In the next gap between songs Schmidt delivers what seems nowadays to be an almost obligatory apology by visiting American musicians for the warmongering of their parent country. The video screen behind the group, which has thus far been used to project closeups of various music-making devices, now displays images of American Civil War soldiers and battlefields traversed in slow panning shots. Combined with Schmidt’s introduction, the imagery makes explicit the implied linkage between the subject of their most recent album and contemporary events. That their focus is the tragedy of war is further underlined by film of the Normandy beaches whose 60th anniversary is currently being commemorated. The final track of their all too short set is Y.T.T.E. whose gorgeous melody positively drips with pathos. The piece gradually becomes more and more attenuated until Schmidt is maintaining the rhythm with a single shaker, and then it gradually and gloriously rebuilds itself. Matmos exit stage left to much applause, but return for encores, the first of which is an enjoyable sort of grindcore/electro hoedown with added Forbidden Planet effects. The second and final encore turns out to be Kraftwerk’s Computer Love played wonderfully by the entire Dick Slessig Combo in the style of their earlier cover of Ode To Billy Joe, with accompaniment by Matmos on miscellaneous sound effects. On The Civil War Matmos hark back to the longlost ages of chivalry and Yankee folk spirit which, consciously or not, echoes Kraftwerk’s nostalgia for the spirit of pre-Holocaust modernism. In this light the cover is a delicious gesture piled with layers of meaning, playful irony and a big dollop of love. A little like Matmos themselves perhaps.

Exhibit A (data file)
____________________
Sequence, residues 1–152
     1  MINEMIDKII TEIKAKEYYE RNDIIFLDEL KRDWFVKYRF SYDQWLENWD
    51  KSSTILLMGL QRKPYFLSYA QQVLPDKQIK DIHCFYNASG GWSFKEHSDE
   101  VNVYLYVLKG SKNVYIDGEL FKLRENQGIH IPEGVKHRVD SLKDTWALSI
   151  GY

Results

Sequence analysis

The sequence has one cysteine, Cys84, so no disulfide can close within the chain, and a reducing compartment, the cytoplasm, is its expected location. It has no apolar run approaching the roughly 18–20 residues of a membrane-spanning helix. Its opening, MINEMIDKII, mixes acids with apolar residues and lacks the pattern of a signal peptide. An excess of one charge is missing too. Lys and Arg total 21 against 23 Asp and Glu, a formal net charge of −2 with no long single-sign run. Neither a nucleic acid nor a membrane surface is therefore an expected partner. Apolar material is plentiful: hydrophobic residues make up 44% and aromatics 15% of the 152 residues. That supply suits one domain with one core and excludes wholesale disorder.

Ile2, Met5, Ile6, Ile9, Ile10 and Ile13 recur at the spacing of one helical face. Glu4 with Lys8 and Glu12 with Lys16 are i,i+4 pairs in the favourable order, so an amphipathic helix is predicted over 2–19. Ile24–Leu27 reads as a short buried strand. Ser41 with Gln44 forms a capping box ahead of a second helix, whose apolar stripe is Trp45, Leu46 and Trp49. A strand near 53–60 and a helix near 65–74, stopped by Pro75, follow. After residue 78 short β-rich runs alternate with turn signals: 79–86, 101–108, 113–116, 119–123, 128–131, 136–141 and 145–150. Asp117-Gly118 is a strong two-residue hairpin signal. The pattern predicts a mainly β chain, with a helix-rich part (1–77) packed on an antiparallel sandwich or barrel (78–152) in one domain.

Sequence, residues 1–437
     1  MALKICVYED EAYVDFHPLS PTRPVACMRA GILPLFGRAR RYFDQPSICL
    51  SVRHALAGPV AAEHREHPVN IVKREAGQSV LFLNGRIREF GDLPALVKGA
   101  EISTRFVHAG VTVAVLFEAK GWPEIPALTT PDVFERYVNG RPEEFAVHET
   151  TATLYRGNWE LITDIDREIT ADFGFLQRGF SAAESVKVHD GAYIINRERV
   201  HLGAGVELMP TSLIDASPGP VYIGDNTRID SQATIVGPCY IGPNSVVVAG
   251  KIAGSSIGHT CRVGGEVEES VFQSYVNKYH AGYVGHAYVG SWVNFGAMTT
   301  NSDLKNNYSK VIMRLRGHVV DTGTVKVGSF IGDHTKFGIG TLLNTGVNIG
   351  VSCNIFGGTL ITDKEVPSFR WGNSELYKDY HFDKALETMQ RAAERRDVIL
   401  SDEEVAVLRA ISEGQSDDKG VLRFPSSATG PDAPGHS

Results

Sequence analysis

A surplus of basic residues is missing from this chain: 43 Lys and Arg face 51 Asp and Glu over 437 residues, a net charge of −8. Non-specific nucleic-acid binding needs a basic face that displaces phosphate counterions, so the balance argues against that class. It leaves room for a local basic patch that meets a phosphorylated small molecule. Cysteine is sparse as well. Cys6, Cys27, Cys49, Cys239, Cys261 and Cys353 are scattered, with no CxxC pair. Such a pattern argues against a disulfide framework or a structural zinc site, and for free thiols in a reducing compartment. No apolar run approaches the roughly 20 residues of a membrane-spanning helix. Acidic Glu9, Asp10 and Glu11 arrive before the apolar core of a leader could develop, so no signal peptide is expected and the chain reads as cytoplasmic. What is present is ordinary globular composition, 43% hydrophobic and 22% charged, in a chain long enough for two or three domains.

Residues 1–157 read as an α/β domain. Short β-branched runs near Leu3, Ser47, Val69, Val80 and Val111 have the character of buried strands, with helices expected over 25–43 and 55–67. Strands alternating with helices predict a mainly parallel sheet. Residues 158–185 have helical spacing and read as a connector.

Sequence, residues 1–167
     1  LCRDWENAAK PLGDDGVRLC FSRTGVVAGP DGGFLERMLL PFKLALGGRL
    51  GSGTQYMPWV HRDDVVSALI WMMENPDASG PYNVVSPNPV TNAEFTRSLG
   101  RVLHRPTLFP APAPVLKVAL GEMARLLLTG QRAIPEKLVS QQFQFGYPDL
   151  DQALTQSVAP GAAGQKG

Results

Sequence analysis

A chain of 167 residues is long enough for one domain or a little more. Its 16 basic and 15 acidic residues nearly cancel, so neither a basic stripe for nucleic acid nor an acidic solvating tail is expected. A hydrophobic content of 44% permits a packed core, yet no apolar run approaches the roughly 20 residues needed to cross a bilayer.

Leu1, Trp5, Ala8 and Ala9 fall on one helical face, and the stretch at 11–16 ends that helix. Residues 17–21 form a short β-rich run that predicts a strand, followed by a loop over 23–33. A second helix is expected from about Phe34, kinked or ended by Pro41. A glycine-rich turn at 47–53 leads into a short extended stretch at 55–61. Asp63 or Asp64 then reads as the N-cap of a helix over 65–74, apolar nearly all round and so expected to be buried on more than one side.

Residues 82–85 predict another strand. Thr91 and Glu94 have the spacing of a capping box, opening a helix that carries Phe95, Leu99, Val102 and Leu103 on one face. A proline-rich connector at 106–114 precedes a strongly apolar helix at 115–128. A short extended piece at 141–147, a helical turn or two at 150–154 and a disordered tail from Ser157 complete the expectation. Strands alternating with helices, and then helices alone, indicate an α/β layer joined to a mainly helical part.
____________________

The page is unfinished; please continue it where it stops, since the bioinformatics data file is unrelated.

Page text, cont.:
Next up is Leafcutter John looking for all the world like a junior officer on a cruise liner or a staff nurse who’s just finished his shift. Put this down to the epaulettes on his short-sleeved white shirt and the youthfulness of his demeanour. He begins his set by asking a member of the audience to manipulate a slinky and the resulting sound forms the basis of a lovely, madrigal-like piece of music. Throughout his set he fulfils the three ‘F’s: fearless, fragile and funny, but Matmos are a hard act to follow: Leafcutter John on his own can’t deliver the sense of group interaction and possibility that a group of musicians can provide. There also doesn’t seem to be a particularly remarkable improvement or significant variation on the studio recordings. At the end of the set it feels like time to go home. Dan Cartwright heroically stays on and reports that:

The Soft Pink Truth is Drew Daniel's camp disco/techno side project - and camp is the word - he bounces about in a skin-tight Black Flag t-shirt in front of a video projection of gay erotica, triggering samples and miming the words. Quite entertaining and danceable, but I don't suppose you'd want to take it any more seriously than it's intended.

Yaxu Paxo was a kind of minimalist crunchy techno - the performance being apparent from a projection of linux console windows with perl scripts being altered in real time eg: crackle => 170; Coded music. I liked that. Only on for about 15 minutes though.
Colin Buttimer